What's up with all this piggy smelling lard? Lard shouldn't smell like that, even when heated to 325 degrees or more in an oven. Otherwise all the fine pastries in this world would smell like bacon. Mmmm bacon... But anyway lard has a relatively high smoke point compared to many other oils we use, and I'd have to question the quality of the product if it still smelled "piggy". It shouldn't taste piggy either. If your house smells like you're cooking a pork roast while baking apple pie at 350 degrees, it's a bad thing and there is something wrong. If I wouldn't use it to make pie crust, I'd certainly not use it in soap.
I've given away dozens of unscented, high percentage lard soaps, and not one person has noticed any pig odor in them. Lard should be snow white when solid, less color when melted compared to most vegetable oils, and have no to little distinctive odor even when you stick your nose in the bucket. It shouldn't taste stronger than vegetable shortening. It should be completely solid at room temperature. Even the cheapest processed brands like Tenderflake almost pass these criteria. Better is a good leaf lard.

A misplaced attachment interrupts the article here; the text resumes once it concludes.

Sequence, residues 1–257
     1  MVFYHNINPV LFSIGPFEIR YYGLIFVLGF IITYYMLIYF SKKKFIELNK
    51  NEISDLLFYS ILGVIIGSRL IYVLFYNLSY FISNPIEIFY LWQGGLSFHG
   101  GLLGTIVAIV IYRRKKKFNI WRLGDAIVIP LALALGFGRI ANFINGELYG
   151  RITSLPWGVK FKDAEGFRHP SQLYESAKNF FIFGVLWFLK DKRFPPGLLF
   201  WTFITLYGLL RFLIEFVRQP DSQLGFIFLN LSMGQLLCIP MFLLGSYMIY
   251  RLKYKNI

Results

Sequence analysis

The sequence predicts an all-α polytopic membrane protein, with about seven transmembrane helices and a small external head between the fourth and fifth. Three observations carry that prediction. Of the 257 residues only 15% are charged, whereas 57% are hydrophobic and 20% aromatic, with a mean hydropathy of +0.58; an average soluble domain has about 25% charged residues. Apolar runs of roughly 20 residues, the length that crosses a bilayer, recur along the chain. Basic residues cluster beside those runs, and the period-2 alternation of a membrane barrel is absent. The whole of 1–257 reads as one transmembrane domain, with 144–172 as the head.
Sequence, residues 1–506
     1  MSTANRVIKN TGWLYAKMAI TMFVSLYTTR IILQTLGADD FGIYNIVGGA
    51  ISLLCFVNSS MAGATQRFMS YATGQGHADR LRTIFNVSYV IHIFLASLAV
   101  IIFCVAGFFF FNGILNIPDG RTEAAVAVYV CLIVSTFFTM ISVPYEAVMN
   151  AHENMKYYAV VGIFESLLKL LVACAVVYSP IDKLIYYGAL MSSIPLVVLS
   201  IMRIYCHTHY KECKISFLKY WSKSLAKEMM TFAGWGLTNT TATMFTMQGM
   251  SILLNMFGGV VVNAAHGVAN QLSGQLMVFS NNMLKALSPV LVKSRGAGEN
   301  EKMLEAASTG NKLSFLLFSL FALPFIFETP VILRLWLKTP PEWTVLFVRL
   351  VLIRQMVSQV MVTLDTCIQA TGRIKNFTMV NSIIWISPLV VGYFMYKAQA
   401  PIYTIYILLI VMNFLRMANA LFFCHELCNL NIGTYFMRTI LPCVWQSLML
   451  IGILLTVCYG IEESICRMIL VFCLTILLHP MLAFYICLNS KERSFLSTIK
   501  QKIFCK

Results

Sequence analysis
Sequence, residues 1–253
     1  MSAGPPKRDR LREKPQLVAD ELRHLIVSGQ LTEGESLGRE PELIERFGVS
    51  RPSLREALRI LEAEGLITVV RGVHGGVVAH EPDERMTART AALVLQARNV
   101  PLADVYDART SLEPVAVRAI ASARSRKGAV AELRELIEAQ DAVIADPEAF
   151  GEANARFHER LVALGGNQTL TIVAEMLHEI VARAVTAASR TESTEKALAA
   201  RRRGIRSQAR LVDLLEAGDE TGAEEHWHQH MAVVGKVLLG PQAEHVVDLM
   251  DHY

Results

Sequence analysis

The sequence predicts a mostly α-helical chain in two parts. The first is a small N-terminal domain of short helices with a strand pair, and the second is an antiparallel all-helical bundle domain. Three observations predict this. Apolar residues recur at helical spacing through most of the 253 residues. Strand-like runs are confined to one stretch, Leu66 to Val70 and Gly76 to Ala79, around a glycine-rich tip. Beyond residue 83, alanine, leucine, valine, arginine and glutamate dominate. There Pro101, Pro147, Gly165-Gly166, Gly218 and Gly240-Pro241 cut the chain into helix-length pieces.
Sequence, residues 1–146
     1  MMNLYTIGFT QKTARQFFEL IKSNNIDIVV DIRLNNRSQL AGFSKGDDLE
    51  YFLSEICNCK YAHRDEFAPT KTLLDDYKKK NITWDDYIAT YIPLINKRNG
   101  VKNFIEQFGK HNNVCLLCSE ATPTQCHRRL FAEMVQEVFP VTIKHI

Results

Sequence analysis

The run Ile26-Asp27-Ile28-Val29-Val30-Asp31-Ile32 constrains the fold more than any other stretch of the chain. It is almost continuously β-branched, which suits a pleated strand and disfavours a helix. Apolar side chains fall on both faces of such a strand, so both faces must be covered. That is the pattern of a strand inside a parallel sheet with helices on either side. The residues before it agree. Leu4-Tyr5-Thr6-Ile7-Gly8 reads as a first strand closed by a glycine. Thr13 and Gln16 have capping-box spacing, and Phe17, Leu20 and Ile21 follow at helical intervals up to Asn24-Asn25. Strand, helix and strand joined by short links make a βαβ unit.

Perhaps my nose isn't so great anymore, but everyone I've given it to wants more. That's why I would first consider the quality of the lard being used if soap made with lard smells "piggy".
Edit: But to address the subject of the thread, if I were blessed with a tub full of piggy smelling lard, I'd use the fragrance of at least 10% pine tar mixed with a minimum of 30 gr/kg of half and half cedarwood and lemongrass EO. Very yummy, and even if you got DOS you'd never notice!